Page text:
The justice system as whole, from making a complaint to police through to giving evidence in court, has to made easily and physically accessible to those with disabilities. Court buildings and witness boxes should be able to accommodate wheelchair and walking-aid users. Maintenance upkeep, such as ensuring that all light bulbs, speakers and microphones in courtrooms are working, will serve to assist those with compromised sight and/or hearing. Clearer signposting of facilities such as conference rooms and bathrooms (preferably in braille also), functioning lifts, handrails and high-contrast stair nosing would help to grant those with disabilities the independence to navigate court buildings.

The roll-out of laptops to magistrates in the family and criminal courts in 2019 should be extended to court users, so they are able to easily navigate the bundles which are mostly digitalised in these courts, especially while giving evidence, or during trials and contested hearings.

Managing a disability as well as a busy practice makes an already stressful job even more arduous. Second guessing what facilities will be available/working and the additional challenges on arrival at court is exhausting. I can only imagine how difficult this must be for someone who is expecting to be cross-examined or facing a long day of litigation, and managing mobility, sensory or neurological challenges.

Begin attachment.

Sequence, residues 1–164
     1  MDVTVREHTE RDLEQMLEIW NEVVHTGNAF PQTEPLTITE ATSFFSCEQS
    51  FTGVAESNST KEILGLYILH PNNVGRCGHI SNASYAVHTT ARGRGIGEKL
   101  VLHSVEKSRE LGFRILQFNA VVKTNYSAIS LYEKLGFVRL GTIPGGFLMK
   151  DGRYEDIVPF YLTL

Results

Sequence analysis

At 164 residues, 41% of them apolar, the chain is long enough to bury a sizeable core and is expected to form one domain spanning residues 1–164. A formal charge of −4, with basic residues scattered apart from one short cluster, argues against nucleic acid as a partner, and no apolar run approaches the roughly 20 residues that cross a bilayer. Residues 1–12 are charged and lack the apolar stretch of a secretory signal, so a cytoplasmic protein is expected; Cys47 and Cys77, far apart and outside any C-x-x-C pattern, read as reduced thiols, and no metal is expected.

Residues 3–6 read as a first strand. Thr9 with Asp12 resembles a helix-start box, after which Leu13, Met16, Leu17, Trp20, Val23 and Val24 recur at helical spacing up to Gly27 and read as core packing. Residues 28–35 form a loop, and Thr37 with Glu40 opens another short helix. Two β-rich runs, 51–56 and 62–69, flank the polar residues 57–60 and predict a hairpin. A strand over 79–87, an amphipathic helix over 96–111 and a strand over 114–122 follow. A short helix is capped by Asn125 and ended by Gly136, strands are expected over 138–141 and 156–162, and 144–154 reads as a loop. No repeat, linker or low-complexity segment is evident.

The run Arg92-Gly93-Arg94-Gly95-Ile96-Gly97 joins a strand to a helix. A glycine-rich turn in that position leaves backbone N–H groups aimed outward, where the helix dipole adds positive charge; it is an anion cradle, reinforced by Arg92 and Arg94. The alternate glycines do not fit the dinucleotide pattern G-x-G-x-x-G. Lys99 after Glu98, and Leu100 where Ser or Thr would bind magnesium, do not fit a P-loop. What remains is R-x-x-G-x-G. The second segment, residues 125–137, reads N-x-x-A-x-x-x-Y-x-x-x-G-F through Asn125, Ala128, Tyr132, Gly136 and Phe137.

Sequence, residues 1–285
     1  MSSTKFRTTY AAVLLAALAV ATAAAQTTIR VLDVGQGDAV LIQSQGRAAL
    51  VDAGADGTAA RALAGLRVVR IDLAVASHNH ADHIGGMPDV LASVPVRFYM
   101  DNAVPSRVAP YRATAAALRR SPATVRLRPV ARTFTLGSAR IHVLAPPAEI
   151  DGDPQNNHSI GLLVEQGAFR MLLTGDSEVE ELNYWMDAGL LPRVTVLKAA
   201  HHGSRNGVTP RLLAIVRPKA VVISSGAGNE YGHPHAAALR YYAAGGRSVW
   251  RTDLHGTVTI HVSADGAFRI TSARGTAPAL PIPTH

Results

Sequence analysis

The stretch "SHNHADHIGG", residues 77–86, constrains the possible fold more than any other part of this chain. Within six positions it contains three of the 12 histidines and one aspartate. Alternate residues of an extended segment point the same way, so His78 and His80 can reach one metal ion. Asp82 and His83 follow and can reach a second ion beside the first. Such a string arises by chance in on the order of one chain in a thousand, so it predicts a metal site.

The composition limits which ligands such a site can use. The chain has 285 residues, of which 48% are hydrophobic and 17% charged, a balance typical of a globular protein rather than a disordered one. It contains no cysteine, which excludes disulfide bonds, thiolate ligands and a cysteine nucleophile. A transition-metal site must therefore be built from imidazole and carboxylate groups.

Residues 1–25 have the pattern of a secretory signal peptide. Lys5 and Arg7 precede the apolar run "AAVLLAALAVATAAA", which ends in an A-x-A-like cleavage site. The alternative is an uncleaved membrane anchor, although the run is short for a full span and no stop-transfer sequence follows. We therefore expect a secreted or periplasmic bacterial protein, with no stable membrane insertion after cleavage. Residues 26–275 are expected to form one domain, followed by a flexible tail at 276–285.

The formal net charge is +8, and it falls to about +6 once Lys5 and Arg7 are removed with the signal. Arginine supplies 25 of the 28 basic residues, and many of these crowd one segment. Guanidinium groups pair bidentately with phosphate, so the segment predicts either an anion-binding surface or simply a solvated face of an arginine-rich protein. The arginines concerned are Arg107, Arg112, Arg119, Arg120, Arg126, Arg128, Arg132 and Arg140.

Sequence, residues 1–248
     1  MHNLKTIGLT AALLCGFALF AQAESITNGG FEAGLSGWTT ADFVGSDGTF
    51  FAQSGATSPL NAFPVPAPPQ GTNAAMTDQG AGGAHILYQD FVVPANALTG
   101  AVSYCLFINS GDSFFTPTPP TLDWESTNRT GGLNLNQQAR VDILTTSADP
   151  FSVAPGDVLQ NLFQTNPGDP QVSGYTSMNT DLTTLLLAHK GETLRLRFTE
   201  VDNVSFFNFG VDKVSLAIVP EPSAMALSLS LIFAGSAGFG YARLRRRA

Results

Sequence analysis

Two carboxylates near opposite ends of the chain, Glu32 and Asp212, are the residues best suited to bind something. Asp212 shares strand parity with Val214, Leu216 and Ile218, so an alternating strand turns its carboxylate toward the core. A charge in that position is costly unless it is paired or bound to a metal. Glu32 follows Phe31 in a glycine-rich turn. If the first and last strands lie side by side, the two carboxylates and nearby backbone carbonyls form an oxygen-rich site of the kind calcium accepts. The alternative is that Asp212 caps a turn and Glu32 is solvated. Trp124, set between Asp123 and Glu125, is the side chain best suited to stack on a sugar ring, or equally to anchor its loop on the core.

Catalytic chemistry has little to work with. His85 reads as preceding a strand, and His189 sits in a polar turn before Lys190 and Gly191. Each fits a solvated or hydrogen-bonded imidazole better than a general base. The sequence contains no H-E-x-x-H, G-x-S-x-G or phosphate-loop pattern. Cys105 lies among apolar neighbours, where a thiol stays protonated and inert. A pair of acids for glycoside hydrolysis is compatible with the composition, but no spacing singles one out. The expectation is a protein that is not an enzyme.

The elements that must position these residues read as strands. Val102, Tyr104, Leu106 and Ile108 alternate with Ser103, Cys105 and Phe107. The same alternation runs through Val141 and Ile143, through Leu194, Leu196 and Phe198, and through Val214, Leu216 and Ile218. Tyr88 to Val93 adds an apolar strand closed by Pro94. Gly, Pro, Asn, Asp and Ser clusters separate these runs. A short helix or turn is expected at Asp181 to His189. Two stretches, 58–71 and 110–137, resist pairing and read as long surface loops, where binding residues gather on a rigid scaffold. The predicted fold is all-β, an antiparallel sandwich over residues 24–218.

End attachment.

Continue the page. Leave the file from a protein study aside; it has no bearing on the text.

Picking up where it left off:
The onus should be on the court, rather than the court user, to ensure that everything is in place for hearings to be effective; to ensure that justice is accessible for all, including those with disabilities, be they practitioners or clients. 


New: AllBar is a fresh initiative to support those with a disability who are practising at the Bar in England and Wales, or aspiring to do so. Follow on Twitter @AllBarUK 

Coming soon: Bringing (Dis)Ability to the Bar is a new organisation supporting aspiring barristers with disabilities and addressing the barriers faced on paths to tenancy, through research, education, lobbying, exclusive schemes and two-way mentorships. Follow on Twitter @BDABarOrg